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Michael Smerconish Headshot

Tale of the Trayvon Martin Case 911 Calls

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Pending the outcome of some voice analysis, there is arguably enough evidence in the 911 tapes to warrant the arrest of George Zimmerman in connection with the Feb. 26 shooting death of 17-year-old Trayvon Martin. The voice testing is needed to determine if Zimmerman uttered a racial slur while in pursuit of Martin, and which of the two can be heard crying out for help during their altercation in Sanford, Fla.

Here are seven observations about Zimmerman's 911 call to police, and one point about the neighbors' calls:

First, Zimmerman began his call by saying, "We've had some break-ins in my neighborhood." I'd like to know if that is true. And it strikes me as peculiar that he did not identify himself immediately. The Orlando Sentinel reports that, in the last 15 months, Zimmerman had called the Sanford police 46 times. So why not begin this latest call by saying, "Hey, it's me, George Zimmerman, from the neighborhood watch?" Wouldn't a neighborhood watch volunteer want the police to know who he was? If not, why not?

Second, he never offered anything concrete to justify a request for police assistance. He first told the police operator that the teen he was watching is "a real suspicious guy." Then he said he "looks like he's up to no good, or he's on drugs, or something." Well, what exactly was it about Martin that raised Zimmerman's suspicions? "It's raining and he's just walking around, looking about," he said. But walking in the rain with your eyes open isn't by itself nefarious. Maybe that's why Zimmerman then took it up a notch.

Third, having offered a litany of nonspecific concerns, Zimmerman calmly tried to portray Martin as an aggressor: "He's just staring, looking at all the houses. Now just staring at me." That was followed by: "Now he's coming toward me." Then, the more menacing: "He's got his hand in his waist band." Finally: "Something's wrong with him. Yup, he's coming to check me out. He's got something in his hands, I don't know what his deal is."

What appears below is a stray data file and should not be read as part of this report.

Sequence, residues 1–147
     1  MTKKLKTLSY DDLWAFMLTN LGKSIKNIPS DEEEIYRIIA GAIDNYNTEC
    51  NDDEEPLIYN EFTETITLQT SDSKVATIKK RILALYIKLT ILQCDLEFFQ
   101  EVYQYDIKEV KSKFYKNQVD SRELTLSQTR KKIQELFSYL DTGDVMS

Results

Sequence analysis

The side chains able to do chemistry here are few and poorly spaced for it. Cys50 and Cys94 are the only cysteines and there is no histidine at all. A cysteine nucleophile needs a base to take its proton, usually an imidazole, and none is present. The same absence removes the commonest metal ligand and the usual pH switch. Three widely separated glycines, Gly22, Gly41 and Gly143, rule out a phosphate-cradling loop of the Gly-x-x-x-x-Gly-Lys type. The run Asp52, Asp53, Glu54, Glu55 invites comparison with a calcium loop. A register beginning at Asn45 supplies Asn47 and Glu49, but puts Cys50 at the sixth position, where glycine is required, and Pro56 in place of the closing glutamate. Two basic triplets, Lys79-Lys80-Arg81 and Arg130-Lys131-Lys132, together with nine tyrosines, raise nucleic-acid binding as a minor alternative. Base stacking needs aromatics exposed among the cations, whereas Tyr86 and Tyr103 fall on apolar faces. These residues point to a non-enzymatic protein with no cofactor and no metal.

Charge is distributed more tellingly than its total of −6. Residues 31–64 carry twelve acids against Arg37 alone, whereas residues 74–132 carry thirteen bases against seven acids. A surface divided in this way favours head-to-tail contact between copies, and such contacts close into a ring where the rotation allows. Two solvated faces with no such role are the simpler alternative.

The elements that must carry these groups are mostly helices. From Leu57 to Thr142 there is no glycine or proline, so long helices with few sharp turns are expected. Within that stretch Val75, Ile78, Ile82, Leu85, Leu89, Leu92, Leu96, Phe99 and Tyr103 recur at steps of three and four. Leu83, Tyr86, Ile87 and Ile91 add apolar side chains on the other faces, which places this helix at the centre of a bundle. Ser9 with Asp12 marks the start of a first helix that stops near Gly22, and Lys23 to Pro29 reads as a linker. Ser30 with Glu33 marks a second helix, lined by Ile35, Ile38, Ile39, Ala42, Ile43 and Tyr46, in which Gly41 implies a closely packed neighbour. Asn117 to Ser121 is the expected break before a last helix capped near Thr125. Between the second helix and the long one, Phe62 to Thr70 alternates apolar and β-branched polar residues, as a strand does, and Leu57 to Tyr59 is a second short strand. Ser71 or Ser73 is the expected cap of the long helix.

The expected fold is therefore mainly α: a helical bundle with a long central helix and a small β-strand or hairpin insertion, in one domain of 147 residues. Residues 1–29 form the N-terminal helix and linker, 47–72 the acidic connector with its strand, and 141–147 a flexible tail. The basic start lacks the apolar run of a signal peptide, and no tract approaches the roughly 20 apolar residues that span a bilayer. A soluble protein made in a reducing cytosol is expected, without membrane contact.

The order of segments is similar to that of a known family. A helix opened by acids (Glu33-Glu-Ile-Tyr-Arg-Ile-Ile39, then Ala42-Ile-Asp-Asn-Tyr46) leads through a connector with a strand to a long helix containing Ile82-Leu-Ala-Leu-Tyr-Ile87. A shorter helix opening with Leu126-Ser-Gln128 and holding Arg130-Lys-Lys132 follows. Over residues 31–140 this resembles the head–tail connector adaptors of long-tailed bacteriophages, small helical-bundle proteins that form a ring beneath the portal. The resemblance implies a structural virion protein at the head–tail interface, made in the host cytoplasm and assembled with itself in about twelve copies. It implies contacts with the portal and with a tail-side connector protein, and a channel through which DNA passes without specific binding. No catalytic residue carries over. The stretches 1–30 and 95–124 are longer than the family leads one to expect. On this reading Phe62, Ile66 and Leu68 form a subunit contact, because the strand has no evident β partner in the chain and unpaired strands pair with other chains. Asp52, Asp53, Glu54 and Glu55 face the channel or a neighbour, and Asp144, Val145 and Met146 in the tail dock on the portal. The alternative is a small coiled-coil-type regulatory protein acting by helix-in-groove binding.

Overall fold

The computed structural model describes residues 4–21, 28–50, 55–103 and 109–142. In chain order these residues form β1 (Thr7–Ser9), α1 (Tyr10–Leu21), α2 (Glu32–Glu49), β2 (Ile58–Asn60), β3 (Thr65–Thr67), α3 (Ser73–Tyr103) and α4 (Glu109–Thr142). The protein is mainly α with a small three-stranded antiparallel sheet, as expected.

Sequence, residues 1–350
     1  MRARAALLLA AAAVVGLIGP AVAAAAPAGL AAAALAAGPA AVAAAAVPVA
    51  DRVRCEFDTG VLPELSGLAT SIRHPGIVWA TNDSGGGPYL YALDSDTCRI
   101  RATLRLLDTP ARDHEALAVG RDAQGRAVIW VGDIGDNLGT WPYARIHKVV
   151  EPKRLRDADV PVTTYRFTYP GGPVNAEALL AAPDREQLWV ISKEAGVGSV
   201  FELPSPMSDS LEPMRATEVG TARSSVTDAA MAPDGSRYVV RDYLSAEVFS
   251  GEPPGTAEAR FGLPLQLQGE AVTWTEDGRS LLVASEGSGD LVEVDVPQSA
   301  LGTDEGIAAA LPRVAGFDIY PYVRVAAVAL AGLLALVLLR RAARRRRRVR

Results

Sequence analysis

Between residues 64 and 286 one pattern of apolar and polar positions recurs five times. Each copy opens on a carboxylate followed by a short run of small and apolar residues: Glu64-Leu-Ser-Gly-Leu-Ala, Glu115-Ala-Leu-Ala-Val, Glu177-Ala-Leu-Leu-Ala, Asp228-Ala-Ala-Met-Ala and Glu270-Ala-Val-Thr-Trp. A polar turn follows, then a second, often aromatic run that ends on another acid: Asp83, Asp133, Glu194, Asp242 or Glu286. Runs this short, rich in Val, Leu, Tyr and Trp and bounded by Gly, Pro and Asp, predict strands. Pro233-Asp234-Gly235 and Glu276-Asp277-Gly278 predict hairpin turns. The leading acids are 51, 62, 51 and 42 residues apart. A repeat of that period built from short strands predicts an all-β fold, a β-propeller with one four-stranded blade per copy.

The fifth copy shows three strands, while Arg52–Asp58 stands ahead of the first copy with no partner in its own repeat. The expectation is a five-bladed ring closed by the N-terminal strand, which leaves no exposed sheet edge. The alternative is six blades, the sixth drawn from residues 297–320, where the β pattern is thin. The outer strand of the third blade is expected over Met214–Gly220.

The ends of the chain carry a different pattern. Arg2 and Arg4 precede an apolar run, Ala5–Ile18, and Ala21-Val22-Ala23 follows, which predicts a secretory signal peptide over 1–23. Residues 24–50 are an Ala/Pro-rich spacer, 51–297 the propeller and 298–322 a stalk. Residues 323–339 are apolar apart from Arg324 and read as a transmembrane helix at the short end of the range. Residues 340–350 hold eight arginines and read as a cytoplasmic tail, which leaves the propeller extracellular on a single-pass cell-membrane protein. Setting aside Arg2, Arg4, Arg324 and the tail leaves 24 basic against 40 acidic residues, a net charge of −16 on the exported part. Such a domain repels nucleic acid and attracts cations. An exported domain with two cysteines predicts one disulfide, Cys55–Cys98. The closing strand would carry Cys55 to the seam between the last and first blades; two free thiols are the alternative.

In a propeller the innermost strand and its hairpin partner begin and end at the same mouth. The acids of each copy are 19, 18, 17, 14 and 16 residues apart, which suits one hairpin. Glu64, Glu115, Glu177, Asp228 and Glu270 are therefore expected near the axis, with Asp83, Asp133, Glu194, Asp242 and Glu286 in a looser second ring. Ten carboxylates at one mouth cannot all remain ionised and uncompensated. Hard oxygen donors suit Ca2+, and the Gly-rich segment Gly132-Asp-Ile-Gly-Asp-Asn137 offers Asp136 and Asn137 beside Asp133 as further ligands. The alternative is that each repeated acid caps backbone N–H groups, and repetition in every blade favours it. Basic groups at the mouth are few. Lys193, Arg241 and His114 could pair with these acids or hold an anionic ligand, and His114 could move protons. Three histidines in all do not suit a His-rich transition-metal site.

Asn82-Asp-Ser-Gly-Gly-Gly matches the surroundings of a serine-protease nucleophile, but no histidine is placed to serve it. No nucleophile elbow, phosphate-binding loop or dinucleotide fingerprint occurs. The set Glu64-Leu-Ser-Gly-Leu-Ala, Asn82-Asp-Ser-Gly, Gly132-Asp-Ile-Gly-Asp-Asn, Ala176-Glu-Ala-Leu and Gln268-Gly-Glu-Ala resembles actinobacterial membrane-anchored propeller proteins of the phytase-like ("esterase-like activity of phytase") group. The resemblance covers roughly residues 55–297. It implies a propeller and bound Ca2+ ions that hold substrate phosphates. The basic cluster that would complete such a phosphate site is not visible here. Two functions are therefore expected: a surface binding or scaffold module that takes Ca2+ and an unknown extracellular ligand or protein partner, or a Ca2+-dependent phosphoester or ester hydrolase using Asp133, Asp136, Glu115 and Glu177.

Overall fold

Fourth, Zimmerman seeks a form of complicity from the operator that was not reciprocated. He mutters, "These a-, they always get away." To his credit, the operator did not react. Instead, he continued to solicit locational information from Zimmerman.

Fifth, Zimmerman seems to make a racist statement. After he reports that "he's running," the door to his truck can be heard opening. If Martin were running, that is hardly the behavior of a confrontational individual against whom deadly force need be used. And the blogosphere is on fire with conjecture that Zimmerman called Martin a "coon." I raised the audio of that part of the tape, and it sure sounds like he said that. If it's confirmed, that statement alone should provide sufficient probable cause to indict Zimmerman for a hate crime.

Sixth, Zimmerman ignores the operator's advice. After he departs from his truck to pursue Martin, Zimmerman's breathing is audibly labored. The operator hears that, and asks, "Are you following him?" Zimmerman replies, "Yep." The operator responds: "We don't need you to do that." This would seemingly have been another natural opportunity for Zimmerman to say, "I'm a neighborhood watch volunteer." Instead, he softly says, "OK." Then, the continued sound of his breathing suggests he was still pursuing Martin.

Seventh, Zimmerman was willing to report his name and phone number, but strangely stopped short when asked for his address. Asked if he lived in the area, he again said nothing of his neighborhood watch role. He gave part of his address, and then stopped. He said, "Oh, crap, I don't want to give it out loud, I don't know where this kid is at." Instead, he tells the operator to have the police who arrive on the scene to "call me and I'll tell them where I'm at."

Then there are the calls from neighbors who heard the ensuing altercation. Florida law provides that there is no duty to retreat so long as the person using deadly force "reasonably believes that such force is necessary to prevent imminent death or great bodily harm to himself." On at least one of the 911 calls logged by neighbors, a man is heard crying in distress just before the fatal gunshot is audible. Who was it, Zimmerman or Martin?

If a voice analysis shows it to be Zimmerman, that will suggest he was justified in using deadly force, that he was crying for help and restraining himself before drawing his gun.

If, however, it is Martin crying out for help, Zimmerman's ability to cloak himself in "stand your ground" will evaporate, and that identification will appropriately lead to his arrest.

Originally published in the Philadelphia Inquirer.